The present invention meets the aforementioned needs by providing a recloseable packaging comprising:
a bag comprising a reclosing means and
a granular product comprising less than 10% by weight of particles having a geometric mean particle diameter of at most 150 micrometers.
According to an exemplary embodiment of the invention, the product comprises less than 10% by weight of particles having a geometric mean particle diameter of at most 300 micrometers.
Preferably, the reclosing means comprises a mechanical fastener, the mechanical fastener comprising inter-operating hooks and/or loops. The average density, d, of hooks and/or loops on a surface of mechanical fastener may be of 40-120 hooks and/or loops per square centimeters of mechanical fastener. It may be preferred that the product comprises less than 10% by weight of fines particles having an average diameter of at most of d−1/2 /10 cm, with d being the average density of hooks and/or loops on a surface of mechanical fastener.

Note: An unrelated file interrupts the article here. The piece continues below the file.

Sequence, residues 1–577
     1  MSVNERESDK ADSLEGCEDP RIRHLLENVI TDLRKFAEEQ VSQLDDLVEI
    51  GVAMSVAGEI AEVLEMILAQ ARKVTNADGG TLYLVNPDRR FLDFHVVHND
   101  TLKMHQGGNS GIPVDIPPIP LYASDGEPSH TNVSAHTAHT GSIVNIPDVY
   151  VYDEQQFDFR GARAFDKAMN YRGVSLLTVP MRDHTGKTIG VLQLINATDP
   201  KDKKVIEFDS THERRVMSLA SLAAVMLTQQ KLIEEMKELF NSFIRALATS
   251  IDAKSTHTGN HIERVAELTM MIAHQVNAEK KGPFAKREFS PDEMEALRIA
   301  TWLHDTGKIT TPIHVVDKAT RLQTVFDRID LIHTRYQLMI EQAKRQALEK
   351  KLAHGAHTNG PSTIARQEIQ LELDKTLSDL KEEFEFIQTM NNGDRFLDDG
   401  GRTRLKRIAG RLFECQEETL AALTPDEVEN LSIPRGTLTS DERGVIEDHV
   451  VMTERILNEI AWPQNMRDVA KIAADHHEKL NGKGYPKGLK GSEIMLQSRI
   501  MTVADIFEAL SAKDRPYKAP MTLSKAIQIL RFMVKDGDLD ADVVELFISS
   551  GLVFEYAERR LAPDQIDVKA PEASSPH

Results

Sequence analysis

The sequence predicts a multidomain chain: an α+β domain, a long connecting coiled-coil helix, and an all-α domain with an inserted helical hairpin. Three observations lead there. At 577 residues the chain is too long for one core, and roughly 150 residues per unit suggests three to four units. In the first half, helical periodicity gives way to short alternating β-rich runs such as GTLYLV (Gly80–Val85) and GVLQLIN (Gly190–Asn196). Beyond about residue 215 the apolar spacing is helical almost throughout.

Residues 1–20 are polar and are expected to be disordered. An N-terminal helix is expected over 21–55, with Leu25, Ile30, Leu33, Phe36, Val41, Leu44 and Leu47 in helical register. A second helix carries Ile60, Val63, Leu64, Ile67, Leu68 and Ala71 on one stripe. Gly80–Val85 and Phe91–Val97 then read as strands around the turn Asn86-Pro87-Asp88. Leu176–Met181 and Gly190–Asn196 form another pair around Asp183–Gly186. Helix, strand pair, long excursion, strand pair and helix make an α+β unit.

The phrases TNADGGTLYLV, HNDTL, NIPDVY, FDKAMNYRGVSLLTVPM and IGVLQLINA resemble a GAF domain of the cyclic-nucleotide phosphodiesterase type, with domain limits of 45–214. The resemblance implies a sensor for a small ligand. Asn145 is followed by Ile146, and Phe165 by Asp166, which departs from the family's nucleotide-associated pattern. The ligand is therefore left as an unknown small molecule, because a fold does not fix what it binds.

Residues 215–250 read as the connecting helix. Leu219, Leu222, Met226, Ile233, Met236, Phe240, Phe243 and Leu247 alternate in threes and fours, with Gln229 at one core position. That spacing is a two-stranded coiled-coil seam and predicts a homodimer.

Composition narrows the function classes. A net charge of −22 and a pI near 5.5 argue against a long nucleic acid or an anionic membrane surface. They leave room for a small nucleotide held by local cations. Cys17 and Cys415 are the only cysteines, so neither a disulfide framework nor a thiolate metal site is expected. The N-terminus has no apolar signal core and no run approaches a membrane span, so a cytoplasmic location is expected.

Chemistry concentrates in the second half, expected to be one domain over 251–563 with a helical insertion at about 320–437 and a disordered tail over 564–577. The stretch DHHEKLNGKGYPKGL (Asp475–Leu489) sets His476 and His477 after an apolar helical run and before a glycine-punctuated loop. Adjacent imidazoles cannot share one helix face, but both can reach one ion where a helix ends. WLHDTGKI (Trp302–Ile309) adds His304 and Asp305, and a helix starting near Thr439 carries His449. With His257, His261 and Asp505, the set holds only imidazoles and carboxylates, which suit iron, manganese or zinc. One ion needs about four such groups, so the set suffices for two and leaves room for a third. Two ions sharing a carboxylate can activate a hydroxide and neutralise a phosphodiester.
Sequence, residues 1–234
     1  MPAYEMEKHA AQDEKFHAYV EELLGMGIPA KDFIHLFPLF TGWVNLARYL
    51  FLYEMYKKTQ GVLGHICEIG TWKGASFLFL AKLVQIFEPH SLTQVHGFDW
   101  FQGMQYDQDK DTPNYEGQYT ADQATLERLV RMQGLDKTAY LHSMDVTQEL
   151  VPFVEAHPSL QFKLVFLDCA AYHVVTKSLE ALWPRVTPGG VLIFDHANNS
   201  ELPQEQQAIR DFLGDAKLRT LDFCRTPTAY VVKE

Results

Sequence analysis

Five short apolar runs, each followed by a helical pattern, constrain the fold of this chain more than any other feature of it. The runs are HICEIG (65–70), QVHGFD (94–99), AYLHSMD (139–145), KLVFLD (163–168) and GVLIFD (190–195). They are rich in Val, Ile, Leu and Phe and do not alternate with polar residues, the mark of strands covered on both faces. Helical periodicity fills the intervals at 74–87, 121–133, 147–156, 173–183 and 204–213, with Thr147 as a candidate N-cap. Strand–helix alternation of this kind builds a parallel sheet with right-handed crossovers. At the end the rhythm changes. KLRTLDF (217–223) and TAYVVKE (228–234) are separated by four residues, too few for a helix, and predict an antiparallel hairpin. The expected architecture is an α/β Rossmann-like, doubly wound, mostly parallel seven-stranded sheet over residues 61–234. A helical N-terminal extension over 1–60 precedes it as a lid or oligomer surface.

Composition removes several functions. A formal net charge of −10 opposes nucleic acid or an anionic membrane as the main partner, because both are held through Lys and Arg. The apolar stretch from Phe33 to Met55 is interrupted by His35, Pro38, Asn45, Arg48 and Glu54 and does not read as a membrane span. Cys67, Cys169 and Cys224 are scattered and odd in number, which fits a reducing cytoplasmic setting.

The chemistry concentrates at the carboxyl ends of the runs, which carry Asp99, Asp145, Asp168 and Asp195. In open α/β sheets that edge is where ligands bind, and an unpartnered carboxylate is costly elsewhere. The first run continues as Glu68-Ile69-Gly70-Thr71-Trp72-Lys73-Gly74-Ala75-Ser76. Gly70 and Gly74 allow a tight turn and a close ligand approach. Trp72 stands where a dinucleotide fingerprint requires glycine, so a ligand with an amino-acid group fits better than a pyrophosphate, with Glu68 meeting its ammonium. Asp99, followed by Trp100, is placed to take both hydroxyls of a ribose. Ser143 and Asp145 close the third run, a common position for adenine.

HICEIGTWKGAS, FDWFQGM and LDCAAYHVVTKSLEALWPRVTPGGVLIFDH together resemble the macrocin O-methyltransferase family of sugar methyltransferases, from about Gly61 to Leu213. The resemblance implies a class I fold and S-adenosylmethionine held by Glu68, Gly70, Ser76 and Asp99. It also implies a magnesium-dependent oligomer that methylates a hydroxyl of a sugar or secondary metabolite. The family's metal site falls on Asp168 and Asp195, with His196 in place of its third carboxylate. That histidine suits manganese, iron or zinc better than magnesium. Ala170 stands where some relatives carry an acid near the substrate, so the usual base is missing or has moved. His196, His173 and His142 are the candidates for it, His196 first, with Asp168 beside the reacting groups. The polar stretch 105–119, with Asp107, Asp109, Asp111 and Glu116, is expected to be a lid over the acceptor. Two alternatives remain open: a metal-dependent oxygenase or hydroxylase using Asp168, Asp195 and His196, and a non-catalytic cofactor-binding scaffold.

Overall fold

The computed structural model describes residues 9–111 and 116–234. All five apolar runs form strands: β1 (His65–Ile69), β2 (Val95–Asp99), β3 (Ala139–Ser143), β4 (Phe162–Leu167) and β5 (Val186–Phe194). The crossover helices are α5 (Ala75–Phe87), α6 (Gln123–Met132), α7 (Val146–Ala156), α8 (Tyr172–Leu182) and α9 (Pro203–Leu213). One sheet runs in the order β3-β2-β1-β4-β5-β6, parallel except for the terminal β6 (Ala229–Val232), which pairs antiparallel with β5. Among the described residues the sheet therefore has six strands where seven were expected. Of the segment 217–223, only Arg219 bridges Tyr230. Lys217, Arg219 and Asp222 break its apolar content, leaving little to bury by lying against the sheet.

Preferably, the product is a detergent composition.
Reference will now be made in detail to the present preferred embodiments of the invention, examples of which are illustrated in the accompanying figures. As will be understood, the terms front and back as used herein to describe panels of the bag are for orientation purposes only and are otherwise interchangeable. As discussed more fully hereafter, the present invention is directed to a flexible bag for containing granular, preferably granular detergent, provided with a reclosing means. A particularly preferred bag 10 made in accordance with the present invention is illustrated in